life peer

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life peer

n
(Government, Politics & Diplomacy) Brit a peer whose title lapses at his death

life′ peer′


n.
a British peer whose title ceases at death.
[1865–70]
ThesaurusAntonymsRelated WordsSynonymsLegend:
Noun1.life peer - a British peer whose title lapses at death
peer - a nobleman (duke or marquis or earl or viscount or baron) who is a member of the British peerage
Translations

life peer

npari m inv a vita
References in periodicals archive ?
Stuffing the Lords has become almost routine, with an average of 23.2 lords a-leaping onto the red benches per year since the Life Peerages Act 1958.
The Government announced plans for Lords reforms, including admitting women and paying expenses under the Life Peerages Act.
Days after her death in 1958, women entered the House of Lords for the first time thanks to the Life Peerages Act 1958.
October 30, 1957: The Government reveals details of plans to reform the House of Lords which include creating the first women life peerages.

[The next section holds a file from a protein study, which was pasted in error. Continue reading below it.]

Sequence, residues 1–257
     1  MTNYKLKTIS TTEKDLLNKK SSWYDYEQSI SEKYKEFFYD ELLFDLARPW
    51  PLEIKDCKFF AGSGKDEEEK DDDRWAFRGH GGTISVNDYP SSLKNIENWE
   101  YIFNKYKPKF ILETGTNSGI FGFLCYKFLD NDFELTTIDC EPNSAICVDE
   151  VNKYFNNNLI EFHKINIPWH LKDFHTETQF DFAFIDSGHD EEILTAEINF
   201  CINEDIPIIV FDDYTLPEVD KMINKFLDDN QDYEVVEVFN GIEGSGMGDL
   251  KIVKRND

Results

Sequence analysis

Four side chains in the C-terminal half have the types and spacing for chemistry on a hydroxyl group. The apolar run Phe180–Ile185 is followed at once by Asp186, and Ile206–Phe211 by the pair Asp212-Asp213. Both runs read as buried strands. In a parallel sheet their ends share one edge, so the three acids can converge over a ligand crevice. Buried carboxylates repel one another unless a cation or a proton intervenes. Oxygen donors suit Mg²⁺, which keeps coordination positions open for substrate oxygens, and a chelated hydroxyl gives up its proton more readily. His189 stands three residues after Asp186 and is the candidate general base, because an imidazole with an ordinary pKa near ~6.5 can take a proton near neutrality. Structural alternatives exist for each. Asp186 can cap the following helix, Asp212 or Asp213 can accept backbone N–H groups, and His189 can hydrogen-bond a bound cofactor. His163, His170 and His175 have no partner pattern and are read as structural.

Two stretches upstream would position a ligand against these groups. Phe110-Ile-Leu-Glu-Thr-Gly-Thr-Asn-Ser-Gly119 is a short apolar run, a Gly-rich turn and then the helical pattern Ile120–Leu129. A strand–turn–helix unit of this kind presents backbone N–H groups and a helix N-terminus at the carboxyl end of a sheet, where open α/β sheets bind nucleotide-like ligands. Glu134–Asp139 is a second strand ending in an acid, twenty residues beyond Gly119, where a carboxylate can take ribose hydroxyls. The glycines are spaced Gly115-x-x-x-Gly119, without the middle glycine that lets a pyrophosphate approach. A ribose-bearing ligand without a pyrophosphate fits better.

OUSTED Esther McVey is in line for a swift political return as David Cameron dishes out life peerages.
1957The Government revealed details of plans to reform the House of Lords which include creating the first women life peerages.
EVENTS 1957: The Government reveals details of plans to reform the House of Lords which include creating the first women life peerages.
Book One gets us to 1911, past Earl Russell's 1869 "Life Peerages Bill", the Earl of Rosebery's 1888 Select Committee, and the Marquess of Salisbury's 1888 "Life Peerages Bill", to the great Rosebery-Salisbury-Asquith debates in 1910.
Strangely, this idealism hasn''t prevented any of the four from taking the oath of allegiance to the same Queen - a pre-requisite to taking up their positions (and, more importantly I suspect, their taxpayer-funded salaries); neither has it prevented Senior Plaid Cymru politicians such as Baron Wigley of Caernarfon or Lord Elis-Thomas from accepting life peerages from the Crown (in fact Dafydd Elis-Thomas is even a member of the Privy Council, a body which directly advises the Monarch herself).
In an otherwise excellent article on the fiftieth anniversary of the Life Peerages Act 1958 ('Fifty Years of Women Peers', June 2008) Mad Takayanagi was inaccurate by over-abbreviation in listing the types of life peers before 1958.
It would also set up a commission to investigate how life peerages are created.